The ability to sub-let is often the primary reason for buying a Lease.
When it is the sole objective of the purchase, it is imperative that you inform your Conveyancing Solicitor in advance of purchasing the property so that the lease agreement can be thoroughly checked.
Be aware that Lease provisions can still apply even when you have a share in the freehold.
What if there is no mention of sub-letting in my lease agreement?
There has to be an express provision restricting sub-letting in the agreement and if there is no restriction then the Leaseholder is free to sub-let without any control. Many Leases include a covenant or promise whereby the lessee cannot sub-let without the prior consent of the landlord.
Usually such a restriction will say that the consent cannot be unreasonably withheld. If there is no mention of reasonableness in the covenant then statute implies a test of reasonableness; section 19(1) of the Landlord and Tenant Act 1927 states that this kind of clause must always be read subject to a qualification that consent cannot be unreasonably withheld.
A landlord who receives a written application for permission to sublet must reply formally and within a reasonable time frame. If he refuses permission, he must give reasons.
If consent is made subject to conditions, these conditions must also be reasonable. If the landlord doesn’t reply, or withholds permission on unreasonable grounds, the tenant can sue the landlord for damages.
What if the term of my leasehold is long?
Some people are surprised to find out that their ability to sub-let can be restricted when a long leasehold interest has been purchased.
The main reason often put forward by landlords for prohibiting sub-letting is that other leaseholders in the block may be prejudiced if there is no such restriction. If most of the flats are occupied by people who do not own their property they will not care as much about the standard of the building and as a result the value of the flats in the building could diminish.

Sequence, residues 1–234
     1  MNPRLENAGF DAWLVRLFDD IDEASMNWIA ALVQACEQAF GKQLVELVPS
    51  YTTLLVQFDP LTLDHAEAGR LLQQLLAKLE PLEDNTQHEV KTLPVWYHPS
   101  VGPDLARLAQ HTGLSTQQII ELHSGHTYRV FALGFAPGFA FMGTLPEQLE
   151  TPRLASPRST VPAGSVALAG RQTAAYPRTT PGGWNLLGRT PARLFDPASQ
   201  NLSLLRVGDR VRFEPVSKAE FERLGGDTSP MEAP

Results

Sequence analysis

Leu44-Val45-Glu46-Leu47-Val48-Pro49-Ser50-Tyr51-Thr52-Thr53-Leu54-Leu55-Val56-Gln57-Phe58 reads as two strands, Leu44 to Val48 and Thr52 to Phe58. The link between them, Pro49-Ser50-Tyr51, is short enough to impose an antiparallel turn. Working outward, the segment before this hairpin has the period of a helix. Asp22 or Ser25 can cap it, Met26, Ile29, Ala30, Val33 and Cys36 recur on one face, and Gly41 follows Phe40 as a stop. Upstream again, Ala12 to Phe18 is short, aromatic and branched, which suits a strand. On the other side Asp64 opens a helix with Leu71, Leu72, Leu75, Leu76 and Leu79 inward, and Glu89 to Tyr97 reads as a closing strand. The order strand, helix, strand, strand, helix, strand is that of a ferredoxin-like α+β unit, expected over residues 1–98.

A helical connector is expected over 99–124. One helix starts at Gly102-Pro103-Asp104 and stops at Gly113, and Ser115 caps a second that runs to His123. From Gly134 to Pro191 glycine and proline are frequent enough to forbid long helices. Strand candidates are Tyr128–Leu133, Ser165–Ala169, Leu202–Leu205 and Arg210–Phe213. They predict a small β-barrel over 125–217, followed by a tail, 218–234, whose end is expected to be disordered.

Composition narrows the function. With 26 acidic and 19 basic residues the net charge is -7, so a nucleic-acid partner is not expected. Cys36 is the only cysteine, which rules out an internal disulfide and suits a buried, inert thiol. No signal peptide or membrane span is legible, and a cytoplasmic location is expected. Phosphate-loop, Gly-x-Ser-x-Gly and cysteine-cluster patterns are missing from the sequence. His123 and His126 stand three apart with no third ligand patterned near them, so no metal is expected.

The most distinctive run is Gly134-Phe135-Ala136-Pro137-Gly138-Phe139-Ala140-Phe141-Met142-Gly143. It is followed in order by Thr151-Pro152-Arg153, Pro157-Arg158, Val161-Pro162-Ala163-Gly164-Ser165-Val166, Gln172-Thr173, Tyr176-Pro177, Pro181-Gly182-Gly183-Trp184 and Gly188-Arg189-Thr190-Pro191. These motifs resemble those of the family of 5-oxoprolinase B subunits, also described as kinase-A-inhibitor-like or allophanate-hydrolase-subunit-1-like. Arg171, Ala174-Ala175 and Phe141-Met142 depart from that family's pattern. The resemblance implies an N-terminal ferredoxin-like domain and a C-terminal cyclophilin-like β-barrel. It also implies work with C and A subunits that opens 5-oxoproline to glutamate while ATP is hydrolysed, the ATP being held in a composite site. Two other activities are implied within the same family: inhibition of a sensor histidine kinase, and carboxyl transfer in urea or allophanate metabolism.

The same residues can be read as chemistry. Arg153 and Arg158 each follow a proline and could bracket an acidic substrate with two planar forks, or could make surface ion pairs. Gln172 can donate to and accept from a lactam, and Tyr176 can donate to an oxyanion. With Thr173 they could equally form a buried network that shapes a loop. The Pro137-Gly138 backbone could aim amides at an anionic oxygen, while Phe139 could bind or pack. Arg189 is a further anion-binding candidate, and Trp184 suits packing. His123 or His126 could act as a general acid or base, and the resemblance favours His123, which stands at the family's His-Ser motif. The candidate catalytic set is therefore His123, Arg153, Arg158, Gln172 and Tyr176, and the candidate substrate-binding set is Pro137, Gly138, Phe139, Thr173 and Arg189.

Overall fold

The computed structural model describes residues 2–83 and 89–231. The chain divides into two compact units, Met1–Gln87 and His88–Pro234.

Landlords and managing agents will sometimes require that a fee be paid for the work associated with approving a sub-tenant. Sometimes these costs can be quite high (we have seen it as high as £1000).
Additional costs can be incurred because there is likely to be a requirement that the landlord be given notice within a prescribed time frame (often 21 days) of any sub-letting, which means providing a copy of the sub-letting agreement and paying a fee for registration with the landlord’s Conveyancing Solicitor. The registration fee is normally around £40 plus VAT.
Can I sub-let without informing my landlord?
Usually it is because the sub-tenants do something that irritates the neighbouring flats or other people in the building leading to complaints to the landlord or their agents. If you are going to take the gamble and sublet without the landlords consent (and we advise against this) you better ensure that you reduce the risk of you neighbours complaining by ensuring that your home is not used for any illegal activity and that your home is not used for commercial activity.
If your landlord does find out that you are sub-letting, he/she may then demand that the sub-letting ceases and will often take legal action against you. An aggressive landlord could instruct a Conveyancing Solicitor to serve a notice threatening forfeiture of the Lease.
You would then be at risk of losing your property unless the matter is remedied within a prescribed time frame. Forfeiture action can only take place with the permission of the Leasehold Valuation Tribunal or after obtaining a court judgement; however, it is best to avoid this situation entirely by obtaining the necessary consent beforehand.
It is not always clear what your rights and obligations are under a lease and it is advisable to instruct a qualified and experienced Conveyancing Solicitor to review this on your behalf.
For more information about the Conveyancing services offered by Fridaysmove, contact us on 0330 660 0286.